The rammed earth, or tabia, method involves mixing damp clay and sand with straw and lime to improve cohesion and durability, before placing it inside a carefully arranged wooden frame measuring around 50 to 70 cm in length. It is then compressed using a tamper to around a half of its original size. The process is then repeated with another sediment on top and so forth until the frame is filled with this newly compacted clay composite. The wood scaffolding is then removed to reveal a large free-standing 'brick' which, when stacked, in turn becomes a wall. A hallmark of this method is the lines of small holes across the face of the wall, left behind from where the scaffolding once stood. It is also said that these holes allow the walls to ‘breathe’ and to this day, such holes can be seen all over the famous walls of the Marrakech.
This technique endured through the city’s period as the residence of the Almohads and beyond, and is evident throughout the Medina of Marrakech, a UNESCO world heritage site, with the salmon-red tone of the walls and buildings as iconic as the great minaret of the Koutoubia Mosque, the vast palm grove of the Palmeraie, the snake charmers of the famous Jamaa el-Fna city square and the Majorelle blue of the iconic garden of the same name, famously redesigned by Yves Saint Laurent.
The practice of rammed earth declined during the 20th century - in the early part of which Morocco was a French protectorate - as the use of concrete became prevalent the world over. However, throughout the storied past of Morocco, Marrakech has managed to preserve the distinctive hue of the old Medina. While many of its newer buildings do not necessarily employ the rammed earth technique, strict planning laws ensure that the uniformity of its salmon-like colour, in existence since its inception, is upheld to this day. It forms an unmistakable visual identity, and provides much of the aesthetic glory of the famous Red City, evident everywhere, from the lush Agdal Gardens to the vibrant marketplaces of the old town, and the 16th century El Badi Palace.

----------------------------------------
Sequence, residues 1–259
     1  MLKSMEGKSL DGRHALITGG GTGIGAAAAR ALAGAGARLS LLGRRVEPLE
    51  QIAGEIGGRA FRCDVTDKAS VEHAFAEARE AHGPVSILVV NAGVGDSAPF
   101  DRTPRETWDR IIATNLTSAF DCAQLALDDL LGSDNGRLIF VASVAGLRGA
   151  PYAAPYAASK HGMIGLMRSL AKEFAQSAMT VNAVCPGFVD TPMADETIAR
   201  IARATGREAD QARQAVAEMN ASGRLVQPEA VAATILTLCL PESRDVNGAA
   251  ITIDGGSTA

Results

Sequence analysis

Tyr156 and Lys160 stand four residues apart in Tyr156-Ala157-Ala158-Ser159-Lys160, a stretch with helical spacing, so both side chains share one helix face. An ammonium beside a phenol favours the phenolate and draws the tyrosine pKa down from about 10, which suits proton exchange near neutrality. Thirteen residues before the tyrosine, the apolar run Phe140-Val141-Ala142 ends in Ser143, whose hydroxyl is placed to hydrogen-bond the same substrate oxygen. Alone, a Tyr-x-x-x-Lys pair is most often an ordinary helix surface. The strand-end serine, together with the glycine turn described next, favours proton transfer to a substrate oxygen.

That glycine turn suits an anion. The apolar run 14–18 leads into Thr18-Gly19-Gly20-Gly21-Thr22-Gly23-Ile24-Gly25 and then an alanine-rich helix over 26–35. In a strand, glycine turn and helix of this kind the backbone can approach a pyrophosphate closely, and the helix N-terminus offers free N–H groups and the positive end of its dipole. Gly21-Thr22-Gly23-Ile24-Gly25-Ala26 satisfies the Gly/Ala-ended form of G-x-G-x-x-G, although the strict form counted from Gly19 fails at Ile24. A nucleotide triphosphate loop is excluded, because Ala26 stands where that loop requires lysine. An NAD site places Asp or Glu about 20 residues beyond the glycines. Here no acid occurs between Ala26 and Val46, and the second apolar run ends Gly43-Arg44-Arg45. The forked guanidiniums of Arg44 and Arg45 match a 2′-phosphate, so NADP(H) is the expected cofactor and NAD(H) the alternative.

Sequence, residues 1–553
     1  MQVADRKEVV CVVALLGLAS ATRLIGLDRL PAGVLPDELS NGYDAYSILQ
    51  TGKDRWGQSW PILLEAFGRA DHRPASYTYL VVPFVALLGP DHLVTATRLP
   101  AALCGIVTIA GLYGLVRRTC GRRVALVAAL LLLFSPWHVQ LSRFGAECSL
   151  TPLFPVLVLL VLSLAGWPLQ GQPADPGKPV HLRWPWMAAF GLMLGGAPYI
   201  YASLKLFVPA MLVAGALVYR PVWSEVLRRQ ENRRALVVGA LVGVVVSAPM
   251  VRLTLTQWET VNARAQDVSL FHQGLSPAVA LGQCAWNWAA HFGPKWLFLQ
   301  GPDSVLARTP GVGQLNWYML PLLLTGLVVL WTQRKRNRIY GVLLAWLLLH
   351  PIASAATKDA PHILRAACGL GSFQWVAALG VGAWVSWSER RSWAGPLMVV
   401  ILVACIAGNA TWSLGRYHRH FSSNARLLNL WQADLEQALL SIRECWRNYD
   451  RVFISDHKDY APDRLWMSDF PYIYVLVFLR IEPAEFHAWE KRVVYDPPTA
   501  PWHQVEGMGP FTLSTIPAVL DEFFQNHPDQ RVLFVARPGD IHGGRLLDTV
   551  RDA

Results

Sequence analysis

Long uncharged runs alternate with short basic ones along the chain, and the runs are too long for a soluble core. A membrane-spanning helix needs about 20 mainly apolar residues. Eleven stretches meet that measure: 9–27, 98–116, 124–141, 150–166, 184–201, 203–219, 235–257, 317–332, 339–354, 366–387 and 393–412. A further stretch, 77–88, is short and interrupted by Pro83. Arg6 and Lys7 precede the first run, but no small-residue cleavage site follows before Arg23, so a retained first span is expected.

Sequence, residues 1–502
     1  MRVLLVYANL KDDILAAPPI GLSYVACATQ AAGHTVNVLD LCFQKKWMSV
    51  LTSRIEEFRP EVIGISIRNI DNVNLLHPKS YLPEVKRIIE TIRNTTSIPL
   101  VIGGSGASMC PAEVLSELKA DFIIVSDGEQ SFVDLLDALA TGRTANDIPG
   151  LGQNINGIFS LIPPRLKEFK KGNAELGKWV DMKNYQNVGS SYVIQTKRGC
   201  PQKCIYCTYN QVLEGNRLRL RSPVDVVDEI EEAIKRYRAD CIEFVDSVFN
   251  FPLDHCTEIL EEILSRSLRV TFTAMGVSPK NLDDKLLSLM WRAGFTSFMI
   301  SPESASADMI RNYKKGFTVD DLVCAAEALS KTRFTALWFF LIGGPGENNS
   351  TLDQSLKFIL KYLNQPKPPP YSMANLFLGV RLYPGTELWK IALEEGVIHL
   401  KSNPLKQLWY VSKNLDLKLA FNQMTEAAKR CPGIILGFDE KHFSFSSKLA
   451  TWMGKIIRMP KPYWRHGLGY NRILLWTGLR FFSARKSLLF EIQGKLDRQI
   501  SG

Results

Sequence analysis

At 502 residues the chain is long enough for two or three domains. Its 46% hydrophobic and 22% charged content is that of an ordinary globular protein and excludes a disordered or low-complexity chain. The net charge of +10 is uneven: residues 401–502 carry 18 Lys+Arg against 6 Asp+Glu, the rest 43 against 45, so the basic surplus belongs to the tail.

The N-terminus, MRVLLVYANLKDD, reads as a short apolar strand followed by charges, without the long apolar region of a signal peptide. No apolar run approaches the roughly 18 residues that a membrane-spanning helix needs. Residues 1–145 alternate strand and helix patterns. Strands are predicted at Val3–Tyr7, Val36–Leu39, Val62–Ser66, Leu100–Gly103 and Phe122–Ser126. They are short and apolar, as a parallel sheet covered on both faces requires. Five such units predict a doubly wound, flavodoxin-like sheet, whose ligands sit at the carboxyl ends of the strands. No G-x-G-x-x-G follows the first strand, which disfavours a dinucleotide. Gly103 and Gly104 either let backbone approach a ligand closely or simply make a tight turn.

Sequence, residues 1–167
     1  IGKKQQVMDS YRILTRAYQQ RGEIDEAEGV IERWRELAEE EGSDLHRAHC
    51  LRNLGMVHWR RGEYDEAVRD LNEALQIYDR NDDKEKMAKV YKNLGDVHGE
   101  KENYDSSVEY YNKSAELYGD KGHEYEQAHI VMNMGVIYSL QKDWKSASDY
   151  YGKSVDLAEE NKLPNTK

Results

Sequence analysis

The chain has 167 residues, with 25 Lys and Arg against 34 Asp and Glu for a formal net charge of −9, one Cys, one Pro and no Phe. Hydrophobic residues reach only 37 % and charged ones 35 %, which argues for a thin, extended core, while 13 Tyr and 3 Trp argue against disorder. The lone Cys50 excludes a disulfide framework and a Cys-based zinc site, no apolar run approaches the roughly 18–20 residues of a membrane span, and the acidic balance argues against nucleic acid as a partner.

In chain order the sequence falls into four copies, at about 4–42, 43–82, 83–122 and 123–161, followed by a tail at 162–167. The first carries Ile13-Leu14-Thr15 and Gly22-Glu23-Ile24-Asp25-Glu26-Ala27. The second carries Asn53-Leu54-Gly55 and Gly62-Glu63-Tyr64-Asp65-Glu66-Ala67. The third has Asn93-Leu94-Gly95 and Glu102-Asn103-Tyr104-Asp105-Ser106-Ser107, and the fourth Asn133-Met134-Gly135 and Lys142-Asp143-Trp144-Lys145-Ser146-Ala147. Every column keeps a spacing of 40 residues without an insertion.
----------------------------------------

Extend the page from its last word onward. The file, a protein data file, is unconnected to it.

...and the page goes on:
But the story doesn’t end there…
Not content to be viewed as a mere cultural heirloom from a bygone era, it is possible that the ancient technique of rammed earth is poised to make a comeback, with an increasing number of advocates emphasising its relative sustainability and lesser environmental impact than that of concrete. Indeed, with the construction sector responsible for some 30% of all man-made carbon emissions, a return to greener and more efficient building methods are being explored worldwide. A technique that uses local materials and produces less waste than the ‘pulverising-rock-to-make-rock’ method employed by concrete production is hugely attractive.
Furthermore, the thermal properties associated with rammed earth constructions are highly favourable for those looking to stay both warm in cooler climates and cool in the heat without needing to resort to energy-intensive heating and air-conditioning. Rammed earth is a sustainable option both economically and environmentally, as the high thermal mass of the constructions alongside well-designed room layouts - including open, shaded courtyards for ventilation (another hallmark of classic Moroccan design) - contribute to a more balanced room temperature. Meanwhile, the density of rammed earth walls significantly reduces the transmission of outside noise, something for which the many thousands of people who stay in the medina of Marrakech each year are no doubt grateful.
As we move into an era of higher population density and a warming planet in which we need to find ways to reduce energy consumption, live in closer proximity to others and adapt to a changing climate, the benefits of rammed earth need no further explanation.
So, the next time you're strolling through the fabled streets of the historic Kasbah or gazing upon the ancient walls of the old town of the Red City, take a moment to consider the traditional tabia technique and how looking back to the knowhow of the past may point the way forward to the buildings of the future.